Fly A Kite & Shine So Bright
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They are big, colorful, and fill the sky with joy and excitement. Last Saturday, January 14, marked International Kite Day, and we can see why it's a cause for celebration. Invented in China in the 5th century BC, kites were originally used for military purposes. Years later, they are now joyful objects that provide hours of entertainment and often throw us take us back to our childhood's fondest moments.
International Kite Day originated in India, with the most popular celebration taking place in the state of Gujarat. The Kite Festival, called Uttarayan in Hindi, invites participants from all over the world and celebrates the last day of winter, according to the Indian calendar. The kites symbolize the spirits of the gods awakening from their deep winter sleep. Although an Indian festival, Hindu temples in other countries often celebrate it, and anybody can participate in the inclusive, colorful celebration.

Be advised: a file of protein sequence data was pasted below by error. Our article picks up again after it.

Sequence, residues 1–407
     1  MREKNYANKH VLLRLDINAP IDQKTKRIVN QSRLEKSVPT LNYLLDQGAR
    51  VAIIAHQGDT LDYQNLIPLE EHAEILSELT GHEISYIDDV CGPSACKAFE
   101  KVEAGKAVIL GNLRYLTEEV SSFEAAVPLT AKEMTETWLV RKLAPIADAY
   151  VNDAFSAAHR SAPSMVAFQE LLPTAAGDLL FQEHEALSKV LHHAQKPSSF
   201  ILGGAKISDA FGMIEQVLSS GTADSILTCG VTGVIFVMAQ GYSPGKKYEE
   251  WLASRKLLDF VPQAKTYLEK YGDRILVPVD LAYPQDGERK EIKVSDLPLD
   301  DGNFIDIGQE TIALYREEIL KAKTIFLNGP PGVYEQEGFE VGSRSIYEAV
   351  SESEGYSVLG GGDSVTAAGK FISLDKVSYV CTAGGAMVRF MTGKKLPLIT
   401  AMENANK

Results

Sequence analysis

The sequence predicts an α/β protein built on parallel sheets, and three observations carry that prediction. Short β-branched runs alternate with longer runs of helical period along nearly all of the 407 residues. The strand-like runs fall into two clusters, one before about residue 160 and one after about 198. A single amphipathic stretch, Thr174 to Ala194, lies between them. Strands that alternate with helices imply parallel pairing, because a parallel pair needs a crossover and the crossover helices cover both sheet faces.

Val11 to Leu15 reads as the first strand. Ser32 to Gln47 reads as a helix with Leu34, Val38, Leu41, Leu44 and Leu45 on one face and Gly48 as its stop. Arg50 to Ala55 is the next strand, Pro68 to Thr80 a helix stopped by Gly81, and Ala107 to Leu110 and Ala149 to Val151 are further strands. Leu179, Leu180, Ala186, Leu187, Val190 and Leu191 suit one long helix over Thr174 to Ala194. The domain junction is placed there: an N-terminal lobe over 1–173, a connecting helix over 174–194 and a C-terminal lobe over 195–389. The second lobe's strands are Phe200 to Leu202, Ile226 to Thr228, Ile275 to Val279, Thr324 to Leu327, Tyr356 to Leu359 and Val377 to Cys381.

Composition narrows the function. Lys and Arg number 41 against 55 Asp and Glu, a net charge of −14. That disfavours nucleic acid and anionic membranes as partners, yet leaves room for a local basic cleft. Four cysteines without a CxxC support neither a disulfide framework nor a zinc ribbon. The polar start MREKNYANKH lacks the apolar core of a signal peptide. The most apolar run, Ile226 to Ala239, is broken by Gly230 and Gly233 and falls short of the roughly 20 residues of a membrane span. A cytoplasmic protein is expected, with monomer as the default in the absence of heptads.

The sensation of flying a kite is one of freedom and joy as the wind carries it effortlessly through the sky. What memories come to mind when you see a kite traveling up in the air?
Quality time with Daddy. Flickr (1980)
Kite contest is about to begin. Seattle Municipal Archives (1920)
Cherry Blossom Kite Festival on the National Mall in Washington DC. Ryan Somma (1980)
Freedom feels in Sikkim, India. Library of Congress (1965)
When there's no wind, a human kite will do. Flickr (1994)
Celebrations in East Germany after the Fall of the Berlin Wall. U.S. National Archives (1989)
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